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Instructor Class Description

Time Schedule:

Jan Sjavik
SCAND 150
Seattle Campus

Norwegian Literary and Cultural History

A survey of Norwegian literary and cultural history from the Vikings to the present. Authors read include Bjornson, Ibsen, Hamsun, and Roolvaag.

Class description

The purpose of this course is to offer an introduction to the literary and cultural history of Norway, starting with the Viking age and carrying through to the present time, but with major emphasis on the second half of the 19th Century. Our focus will be on reading and interpretation of representative literary texts, and these cultural artifacts will be placed in their historical context. Political history will be touched on only briefly and then only as it is necessary to properly situate the works that are studied.

Student learning goals

Learn about the historical development of Norwegian literature/culture: 10 percent

Learn about specific Norwegian literary texts: 60 percent

Develop your ability to analyze texts orally and in writing: 30 percent

General method of instruction

Lecture/discussion based on texts that the students have read in advance.

Recommended preparation

No prerequisites.

Class assignments and grading

I will use a point system that will allow you to earn up to 100 points. Low-stakes paper: 10 points Class participation: 20 points Midterm exam: 30 points Final exam: 40 points

The low-stakes paper: The paper should be approximately 2.5-3 pages in length and is intended to give you a chance to practice writing the type of essay you will be asked to write on the midterm and the final (you will get an e-mail with detailed instructions later). To get full credit (10 points) for it, you will need to turn your paper in to me by a specified deadline and be willing to revise the paper, if I ask you to. For those who wish to get W-credit for SCAND 150, the low-stakes paper should be 5 pages long.

Class participation: To receive your full 20 points for class participation, you will need to provide brief un-graded written responses to a series of not previously announced questions given you in class. You will have 10 minutes of class time to write your responses each time a question is given, and some of the responses will be shared with the class by being read aloud by me or via e-mail to the class list (your identity will not be revealed). There will be nine such mini-essays, and you will earn 3 points each time you write one (up to a maximum of 20 points). If you miss a mini-essay, you will not have an opportunity to make it up later.

Midterm and final exams: Both the midterm and the final will be essay exams. You will have 50 minutes for the midterm, and the final will last for 1 hour and 20 minutes. For each exam you will get a list of 3-5 questions, of which you will choose one or two. (Those who write on one question will be expected to provide a fuller discussion of the topic than those who write on two topics.) Study questions will be handed out in advance of each exam.

Substitute paper: Under certain conditions (see the end of this paragraph) you may write a 3-4 page paper (5 pages for those who wish to get W-credit) in lieu of the midterm and/or the final exam. The paper must be written in advance, and it will be due at the beginning of the exam in question. This paper cannot be used to make up a poor test grade; it has to be written in advance of the test. While there may be a small amount of overlap between your low-stakes paper and a substitute paper, the substitute paper cannot be a revised and expanded version of your low-stakes paper. If you use the paper as a substitute for the final exam, a significant part of the material discussed in the paper must be connected with readings covered in class after the midterm. You earn the right to write a substitute paper for the midterm by missing no more than one of the mini-essays written in class before the date the midterm is given. If you did not write a substitute paper for the midterm, you may write a substitute paper for the final if you still have not missed more than one mini-essay. If you have not missed any mini-essays, you may write a substitute paper for both the midterm and the final exam.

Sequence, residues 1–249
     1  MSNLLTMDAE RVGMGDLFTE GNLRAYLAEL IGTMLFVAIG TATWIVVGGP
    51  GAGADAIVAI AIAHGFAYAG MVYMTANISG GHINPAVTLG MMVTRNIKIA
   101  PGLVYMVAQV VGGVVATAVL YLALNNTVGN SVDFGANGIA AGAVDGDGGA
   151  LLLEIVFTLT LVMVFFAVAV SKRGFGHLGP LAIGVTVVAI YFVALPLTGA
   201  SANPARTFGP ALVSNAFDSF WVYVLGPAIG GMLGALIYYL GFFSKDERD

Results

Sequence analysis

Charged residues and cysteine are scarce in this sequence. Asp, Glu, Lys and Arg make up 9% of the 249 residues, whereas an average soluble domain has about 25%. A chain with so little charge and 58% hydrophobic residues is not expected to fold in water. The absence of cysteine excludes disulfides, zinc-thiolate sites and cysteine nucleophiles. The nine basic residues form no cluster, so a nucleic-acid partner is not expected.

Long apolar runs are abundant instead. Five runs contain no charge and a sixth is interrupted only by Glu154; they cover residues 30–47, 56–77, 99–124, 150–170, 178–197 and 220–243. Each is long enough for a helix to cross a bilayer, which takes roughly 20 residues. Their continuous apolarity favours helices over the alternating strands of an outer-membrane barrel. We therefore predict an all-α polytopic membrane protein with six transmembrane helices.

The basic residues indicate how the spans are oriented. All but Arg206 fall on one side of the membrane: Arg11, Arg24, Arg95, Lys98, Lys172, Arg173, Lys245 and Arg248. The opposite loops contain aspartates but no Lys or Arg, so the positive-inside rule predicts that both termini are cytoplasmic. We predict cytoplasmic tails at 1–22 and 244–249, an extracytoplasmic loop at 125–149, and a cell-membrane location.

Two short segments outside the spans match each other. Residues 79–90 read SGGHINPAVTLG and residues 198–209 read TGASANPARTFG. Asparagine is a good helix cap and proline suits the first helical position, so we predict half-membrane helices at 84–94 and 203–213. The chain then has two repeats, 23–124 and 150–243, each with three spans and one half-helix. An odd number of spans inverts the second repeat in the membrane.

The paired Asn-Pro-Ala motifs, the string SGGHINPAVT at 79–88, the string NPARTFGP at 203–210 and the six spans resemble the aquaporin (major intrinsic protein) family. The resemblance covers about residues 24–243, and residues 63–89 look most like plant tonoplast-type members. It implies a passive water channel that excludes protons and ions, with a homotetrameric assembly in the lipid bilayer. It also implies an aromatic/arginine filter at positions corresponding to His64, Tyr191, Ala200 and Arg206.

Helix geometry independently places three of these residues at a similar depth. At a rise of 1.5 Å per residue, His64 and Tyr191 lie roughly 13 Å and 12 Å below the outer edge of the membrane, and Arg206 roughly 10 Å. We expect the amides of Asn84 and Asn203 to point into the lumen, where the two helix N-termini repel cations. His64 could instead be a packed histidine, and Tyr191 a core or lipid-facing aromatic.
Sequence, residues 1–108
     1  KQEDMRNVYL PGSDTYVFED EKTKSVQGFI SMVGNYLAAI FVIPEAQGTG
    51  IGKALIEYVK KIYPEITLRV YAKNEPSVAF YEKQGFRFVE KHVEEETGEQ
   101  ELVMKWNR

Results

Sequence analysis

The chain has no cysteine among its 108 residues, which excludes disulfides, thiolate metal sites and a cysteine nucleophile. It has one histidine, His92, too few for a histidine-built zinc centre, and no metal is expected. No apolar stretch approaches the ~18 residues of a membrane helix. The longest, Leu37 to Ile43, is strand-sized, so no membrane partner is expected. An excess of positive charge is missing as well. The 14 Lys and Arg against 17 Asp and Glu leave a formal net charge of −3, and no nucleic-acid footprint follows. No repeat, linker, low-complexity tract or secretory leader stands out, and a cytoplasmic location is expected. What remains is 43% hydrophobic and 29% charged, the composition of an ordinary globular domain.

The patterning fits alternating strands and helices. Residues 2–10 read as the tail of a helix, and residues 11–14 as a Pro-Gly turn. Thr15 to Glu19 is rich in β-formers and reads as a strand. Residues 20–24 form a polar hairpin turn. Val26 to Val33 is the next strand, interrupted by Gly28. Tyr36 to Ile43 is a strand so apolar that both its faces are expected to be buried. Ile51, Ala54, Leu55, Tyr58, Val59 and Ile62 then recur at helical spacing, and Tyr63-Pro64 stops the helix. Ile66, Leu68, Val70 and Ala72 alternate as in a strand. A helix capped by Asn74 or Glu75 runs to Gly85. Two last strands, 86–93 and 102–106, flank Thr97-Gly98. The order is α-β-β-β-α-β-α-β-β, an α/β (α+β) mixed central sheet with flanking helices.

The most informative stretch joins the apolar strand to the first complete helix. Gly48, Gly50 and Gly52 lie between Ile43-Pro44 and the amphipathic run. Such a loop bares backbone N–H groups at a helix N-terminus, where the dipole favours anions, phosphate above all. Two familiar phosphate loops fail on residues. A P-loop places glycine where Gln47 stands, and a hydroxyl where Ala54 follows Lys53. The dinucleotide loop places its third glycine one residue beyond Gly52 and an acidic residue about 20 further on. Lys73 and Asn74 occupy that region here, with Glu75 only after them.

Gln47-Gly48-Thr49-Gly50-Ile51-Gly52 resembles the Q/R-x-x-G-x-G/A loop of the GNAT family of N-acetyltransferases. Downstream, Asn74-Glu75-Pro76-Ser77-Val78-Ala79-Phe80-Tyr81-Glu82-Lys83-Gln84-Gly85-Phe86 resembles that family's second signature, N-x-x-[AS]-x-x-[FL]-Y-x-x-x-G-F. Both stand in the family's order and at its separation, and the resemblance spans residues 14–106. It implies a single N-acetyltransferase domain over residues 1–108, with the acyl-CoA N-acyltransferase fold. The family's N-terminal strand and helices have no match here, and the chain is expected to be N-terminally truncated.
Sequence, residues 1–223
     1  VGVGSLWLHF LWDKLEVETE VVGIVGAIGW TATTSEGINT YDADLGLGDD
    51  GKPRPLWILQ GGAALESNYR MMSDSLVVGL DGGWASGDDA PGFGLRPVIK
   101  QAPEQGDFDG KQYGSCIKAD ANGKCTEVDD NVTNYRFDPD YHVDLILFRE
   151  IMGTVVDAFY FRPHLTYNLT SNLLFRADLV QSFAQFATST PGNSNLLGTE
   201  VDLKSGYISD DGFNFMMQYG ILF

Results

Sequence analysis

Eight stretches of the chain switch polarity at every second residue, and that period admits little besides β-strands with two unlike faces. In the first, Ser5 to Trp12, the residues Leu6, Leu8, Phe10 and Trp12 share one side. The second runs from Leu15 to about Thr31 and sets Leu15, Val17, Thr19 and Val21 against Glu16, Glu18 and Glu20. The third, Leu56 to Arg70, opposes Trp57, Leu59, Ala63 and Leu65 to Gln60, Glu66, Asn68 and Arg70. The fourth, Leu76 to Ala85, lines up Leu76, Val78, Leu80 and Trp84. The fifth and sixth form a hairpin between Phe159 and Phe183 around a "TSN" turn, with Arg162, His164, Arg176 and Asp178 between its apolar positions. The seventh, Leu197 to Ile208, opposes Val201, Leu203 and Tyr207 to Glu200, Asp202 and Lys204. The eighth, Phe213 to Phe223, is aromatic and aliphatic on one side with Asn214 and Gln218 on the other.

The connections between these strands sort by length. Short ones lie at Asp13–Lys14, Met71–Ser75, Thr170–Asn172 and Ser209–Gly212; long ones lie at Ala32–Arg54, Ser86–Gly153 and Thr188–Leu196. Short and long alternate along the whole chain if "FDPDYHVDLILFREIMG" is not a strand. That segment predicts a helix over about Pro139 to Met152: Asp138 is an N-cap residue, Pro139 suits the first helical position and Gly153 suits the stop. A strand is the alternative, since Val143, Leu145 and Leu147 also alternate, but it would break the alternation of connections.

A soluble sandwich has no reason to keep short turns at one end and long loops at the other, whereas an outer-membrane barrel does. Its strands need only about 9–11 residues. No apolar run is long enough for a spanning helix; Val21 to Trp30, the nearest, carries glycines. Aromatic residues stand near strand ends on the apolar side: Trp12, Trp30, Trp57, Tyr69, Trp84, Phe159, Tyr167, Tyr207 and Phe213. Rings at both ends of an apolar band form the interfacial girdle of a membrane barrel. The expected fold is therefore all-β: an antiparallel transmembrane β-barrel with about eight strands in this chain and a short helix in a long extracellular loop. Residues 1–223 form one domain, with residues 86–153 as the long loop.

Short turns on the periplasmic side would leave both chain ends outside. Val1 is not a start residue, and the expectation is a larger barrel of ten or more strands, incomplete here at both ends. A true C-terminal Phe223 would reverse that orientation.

W-credit You may earn ad hoc W-credit in this course by writing two 5-page papers, which you will have an opportunity to revise. The easiest way to get W-credit is to use the low-stakes paper as one of these two 5-page papers. The second 5-page paper can be a paper written in lieu of the midterm or the final, but you may also write a separate un-graded paper, if you wish. This option may be attractive if you prefer your course grade to be based mostly on tests rather than on papers. If your record with regard to the mini-essays does not qualify you for writing a paper in lieu of the midterm or the final, you can get W-credit by writing a second paper solely for that purpose (in addition to your low-stakes paper).

Please scroll down the lengthy text in the previous window, where you will find detailed descriptions of the low-stakes paper, what is meant by class participation, the midterm and final exams, the possibility of writing a paper in lieu of the midterm and/or the final, and how you can get W-credit for this course.


The information above is intended to be helpful in choosing courses. Because the instructor may further develop his/her plans for this course, its characteristics are subject to change without notice. In most cases, the official course syllabus will be distributed on the first day of class.
Last Update by Jan Sjavik
Date: 05/12/2011